There’s a well known Australian tuner who has a trick of changing the Tacho drive ratio electronically on some of the 4V race bikes he prepares, simply to fool the rider into thinking they are using more revs than before.  It’s a mental tune up on the rider, nothing more, but many will report better performance because of it.  The main results are much better engine reliability / lower service requirements, simply because they aren’t revving as hard.  And it’s a very good example of how sometimes you can make bikes go faster without doing anything to them.

Camshaft Selection: For the Desmoquattro 4V (748, 851, 888, 916, S4, ST4, ST4S, S4R and 996) there are 6 original fitment inlet cams – Strada, 851SP (A), 888SP5/916SP (G), S4/ST4S/S4R, 748SP and 996SPS - plus maybe 4 other ‘Corse’ race cams – 431, 450, 453, 458.  The original 748R and RS inlet cams are unique due to the valve spacing (and therefore lobe spacing) being different to get the 36mm inlet valves in the 748’s 88mm bore.  All the 851 and 888 cams (including SP2/3/4/5) have a tacho drive snout on the LH end of the horizontal cylinder inlet cam, so they too are unique to them.  The 888SP5 had G inlets, as did the 916SP, so they come with tacho drive and without.  Although SP5 inlets could well be NLA by now.

The factory exhaust cams come in 6 grinds – Strada, 996SPS, A, G (Corse only), 748R and 748RS.  The 748R/RS exhaust cams have the same valve spacing as the other exhaust cams.

Vee Two offer massaged duplicates of the 748SP, Corse 431, 996SPS and 748R (with normal valve spacing) inlet cams and the G, 996SPS and 748R exhaust cams.  Plus another inlet (603) that’s very big and probably eats valve train bits for dinner.

Epicycle offer 2 different inlet and exhaust grinds as 3 performance combinations.  These have profiles developed by Epicycle, making them one of the very few suppliers to do so.

Schrick (a German company) also offer a set of cams for the 4V, but I’ve never had anything to do with them.  They are short duration and high lift like the later SPS and R cams so I imagine they’d work comparatively well.  Cams with the same specs are also marketed by Italian company MSD.

For the Testastretta models there are quite a few different cams, although that’s mainly due to the fact that many are unique, simply due to valve spacing.  The 749 base model and S run the narrowest valve spacing – the 749 inlet cam runs the same spacing as the 999 exhaust cam (probably using the same blanks).  The 749R I believe has wider spaced inlet valves and maybe exhausts also.  It may be the same as a 999, but I haven’t had a 749R valve cover off yet. 

The 999, 999S and 999R ’03 run the same valve spacing (common to the 996R, 998 and 998S also).  The 999R ’05 model runs wider inlet spacing I believe, but again I haven’t seen inside one yet.  The 998RS cams fit the 996R, 998, 998S, 999 and 999S engines, but the 999RS (or F04 as they call them) cams may share the new 999R spacing.  The 999R ’05 is mainly a US AMA homologation special it seems (tighter rules than the SBK world series), so it would make sense the heads are 999 Corse spec.

So what actually fits what I’m not overly sure as yet.  Fitting 998RS cams to a 998S or 999S brings issues with rocker clearance to valve guides as well, in addition to drastically shortened service intervals, so there are some good reasons to not fit them to a road engine.  Apart from that the S cams appear to be a very good piece of gear for most applications anyway.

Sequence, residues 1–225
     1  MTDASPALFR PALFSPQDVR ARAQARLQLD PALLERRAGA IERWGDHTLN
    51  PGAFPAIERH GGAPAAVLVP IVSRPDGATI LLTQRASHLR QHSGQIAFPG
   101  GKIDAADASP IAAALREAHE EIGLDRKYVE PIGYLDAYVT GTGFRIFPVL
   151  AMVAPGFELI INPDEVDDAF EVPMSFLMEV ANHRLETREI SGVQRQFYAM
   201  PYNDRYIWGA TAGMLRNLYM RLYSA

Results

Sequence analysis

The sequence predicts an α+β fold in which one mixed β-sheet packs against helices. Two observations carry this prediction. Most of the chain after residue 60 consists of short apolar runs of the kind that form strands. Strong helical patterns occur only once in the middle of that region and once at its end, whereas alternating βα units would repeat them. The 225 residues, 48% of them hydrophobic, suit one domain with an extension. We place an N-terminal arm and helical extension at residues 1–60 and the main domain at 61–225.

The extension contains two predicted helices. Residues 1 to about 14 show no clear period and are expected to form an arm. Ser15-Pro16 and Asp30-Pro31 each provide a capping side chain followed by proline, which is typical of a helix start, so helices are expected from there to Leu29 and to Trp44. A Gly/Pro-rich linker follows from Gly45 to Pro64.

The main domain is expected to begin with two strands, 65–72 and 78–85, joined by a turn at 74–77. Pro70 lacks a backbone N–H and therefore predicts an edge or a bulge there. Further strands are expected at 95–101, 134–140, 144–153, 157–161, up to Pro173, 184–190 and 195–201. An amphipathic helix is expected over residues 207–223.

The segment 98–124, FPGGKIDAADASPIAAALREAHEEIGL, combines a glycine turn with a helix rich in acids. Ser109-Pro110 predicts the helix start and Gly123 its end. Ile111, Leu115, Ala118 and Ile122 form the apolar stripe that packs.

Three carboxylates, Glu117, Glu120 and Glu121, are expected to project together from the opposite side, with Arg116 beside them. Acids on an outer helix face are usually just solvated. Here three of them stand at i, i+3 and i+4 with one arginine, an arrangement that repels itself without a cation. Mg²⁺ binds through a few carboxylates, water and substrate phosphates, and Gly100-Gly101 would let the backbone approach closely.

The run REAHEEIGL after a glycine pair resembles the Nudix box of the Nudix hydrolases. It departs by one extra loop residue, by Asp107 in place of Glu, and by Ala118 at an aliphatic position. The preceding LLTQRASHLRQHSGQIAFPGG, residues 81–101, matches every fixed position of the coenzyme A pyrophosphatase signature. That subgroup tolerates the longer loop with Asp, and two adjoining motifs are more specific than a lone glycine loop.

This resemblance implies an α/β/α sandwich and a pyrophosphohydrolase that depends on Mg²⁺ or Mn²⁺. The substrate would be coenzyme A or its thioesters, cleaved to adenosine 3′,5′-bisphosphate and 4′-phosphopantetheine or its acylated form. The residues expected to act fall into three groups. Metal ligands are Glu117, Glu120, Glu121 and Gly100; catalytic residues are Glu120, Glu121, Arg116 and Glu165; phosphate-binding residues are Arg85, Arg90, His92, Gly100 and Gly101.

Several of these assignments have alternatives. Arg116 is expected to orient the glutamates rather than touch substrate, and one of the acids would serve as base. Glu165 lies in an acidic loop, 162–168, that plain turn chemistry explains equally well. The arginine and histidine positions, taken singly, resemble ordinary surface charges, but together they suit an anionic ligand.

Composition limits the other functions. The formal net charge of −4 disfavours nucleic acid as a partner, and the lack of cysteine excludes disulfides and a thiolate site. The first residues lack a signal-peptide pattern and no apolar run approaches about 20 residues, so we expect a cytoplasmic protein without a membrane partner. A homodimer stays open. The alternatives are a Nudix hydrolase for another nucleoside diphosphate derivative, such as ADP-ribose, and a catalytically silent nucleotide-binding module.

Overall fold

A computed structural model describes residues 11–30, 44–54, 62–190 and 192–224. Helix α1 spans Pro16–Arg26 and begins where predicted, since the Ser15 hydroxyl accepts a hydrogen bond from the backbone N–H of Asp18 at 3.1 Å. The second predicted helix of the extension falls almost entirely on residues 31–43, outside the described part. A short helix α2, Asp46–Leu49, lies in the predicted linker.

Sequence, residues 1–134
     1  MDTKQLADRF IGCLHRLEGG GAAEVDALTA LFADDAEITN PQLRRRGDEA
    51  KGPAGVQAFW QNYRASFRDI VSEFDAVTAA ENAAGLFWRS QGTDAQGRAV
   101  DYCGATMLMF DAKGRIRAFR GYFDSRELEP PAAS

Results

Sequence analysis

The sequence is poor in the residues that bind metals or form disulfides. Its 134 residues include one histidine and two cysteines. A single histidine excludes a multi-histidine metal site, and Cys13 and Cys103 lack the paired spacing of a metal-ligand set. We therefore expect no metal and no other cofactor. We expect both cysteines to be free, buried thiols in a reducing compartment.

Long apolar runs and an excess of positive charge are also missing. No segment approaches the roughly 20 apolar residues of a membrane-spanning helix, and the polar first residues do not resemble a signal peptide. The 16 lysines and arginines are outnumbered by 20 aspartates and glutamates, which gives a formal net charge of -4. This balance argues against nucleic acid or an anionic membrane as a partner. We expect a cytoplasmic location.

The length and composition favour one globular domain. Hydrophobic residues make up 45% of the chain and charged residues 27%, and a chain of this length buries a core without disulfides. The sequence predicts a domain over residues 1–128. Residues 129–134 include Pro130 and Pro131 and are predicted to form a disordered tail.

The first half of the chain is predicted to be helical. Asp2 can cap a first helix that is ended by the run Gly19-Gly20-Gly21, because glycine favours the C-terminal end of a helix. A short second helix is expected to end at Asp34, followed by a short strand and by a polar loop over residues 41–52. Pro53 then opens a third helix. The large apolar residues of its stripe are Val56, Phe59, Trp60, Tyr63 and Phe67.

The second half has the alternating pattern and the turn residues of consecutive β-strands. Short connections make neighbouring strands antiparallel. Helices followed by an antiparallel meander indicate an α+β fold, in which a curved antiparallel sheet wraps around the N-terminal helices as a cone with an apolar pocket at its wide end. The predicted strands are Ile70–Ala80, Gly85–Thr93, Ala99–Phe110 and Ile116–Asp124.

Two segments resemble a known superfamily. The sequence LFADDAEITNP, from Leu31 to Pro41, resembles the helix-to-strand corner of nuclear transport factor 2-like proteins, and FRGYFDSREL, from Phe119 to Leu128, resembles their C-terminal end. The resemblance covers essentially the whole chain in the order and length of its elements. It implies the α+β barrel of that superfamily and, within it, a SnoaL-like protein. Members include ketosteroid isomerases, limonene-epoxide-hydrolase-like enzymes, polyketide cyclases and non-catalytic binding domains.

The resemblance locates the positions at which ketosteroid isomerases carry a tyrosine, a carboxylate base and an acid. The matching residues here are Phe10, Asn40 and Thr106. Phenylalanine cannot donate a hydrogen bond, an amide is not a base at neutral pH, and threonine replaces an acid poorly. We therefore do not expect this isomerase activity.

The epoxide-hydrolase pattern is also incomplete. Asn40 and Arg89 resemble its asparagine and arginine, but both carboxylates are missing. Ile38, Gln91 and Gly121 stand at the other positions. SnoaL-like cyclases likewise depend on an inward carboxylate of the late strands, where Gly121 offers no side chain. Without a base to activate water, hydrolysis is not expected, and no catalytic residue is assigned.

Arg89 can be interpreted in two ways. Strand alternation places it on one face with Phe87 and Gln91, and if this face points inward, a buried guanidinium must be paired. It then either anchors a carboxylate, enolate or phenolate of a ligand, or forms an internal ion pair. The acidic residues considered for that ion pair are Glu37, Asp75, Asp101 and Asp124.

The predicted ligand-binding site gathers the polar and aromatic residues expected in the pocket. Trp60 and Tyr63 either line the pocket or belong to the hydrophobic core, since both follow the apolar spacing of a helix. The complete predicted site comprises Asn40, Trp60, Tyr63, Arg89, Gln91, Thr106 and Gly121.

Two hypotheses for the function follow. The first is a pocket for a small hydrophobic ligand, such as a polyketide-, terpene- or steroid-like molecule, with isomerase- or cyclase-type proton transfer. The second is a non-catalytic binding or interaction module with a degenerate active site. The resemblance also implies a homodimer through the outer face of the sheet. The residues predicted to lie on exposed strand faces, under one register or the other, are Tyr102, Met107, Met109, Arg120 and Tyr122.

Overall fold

All this means that the cam selection is not huge, especially when it comes to cam grinds you’d actually want to use.  Add to that the cost of four of them (and their uniqueness in terms of developing and grinding the corresponding opening and closing profiles) and re-shimming which means swapping cams gets pricey very quickly.

This is the main reason I went looking for low cost mods that worked in the first place.  And, for the 4V models especially, Ducati handed us an easy one.

For this report you’ll see cam timing expressed as 119.5/112 for example.  Another centreline convention, it is inlet centreline/exhaust centreline.

I’ll start with the Desmoquattro, going through the capacities. 

When we first started playing with cam timing we ran the std centreline specs of 119.5 inlet and 112 exhaust.  Then we started advancing the inlets, trying 116 degrees then 114 and finally ended up at 108.  I sort of jumped from 114/112 settings to 108/108 with one of the 996 I did and the results convinced me that that was good.  Most models have enough piston to valve clearance to go further – 916 appears to have the most – but I feel that’s probably a bit too much. 

The other point is that when you do a job like this you often need to show the owner a before and after dyno curve.  And as irrelevant as it usually is, any loss of peak power is seen as a bad result.  Just because.  If you go further than 108, especially on 33mm inlet valve 916, you start to lose power at the top end.  Not that anyone would really notice it on the road, but on the dyno it shows. 

Plus there seems to be a point after which the return is somewhat diminished, and 108 is about it from my experience.  Really, there’s not much difference between 108 and 110 inlet centreline, even 108 and 112.  The main point being there is a big difference between ‘as delivered’ settings like 126 and the spec of 119.5 and a big difference again between 119.5 and 112 or 108.  Although, in general, there’s no more peak power in it, just power up to the peak.

One other point – I’m told running 100/102 timing makes them idle really bad.  Never tried it myself.  108/108 really doesn’t seem to make much difference.  It’s certainly never been commented on.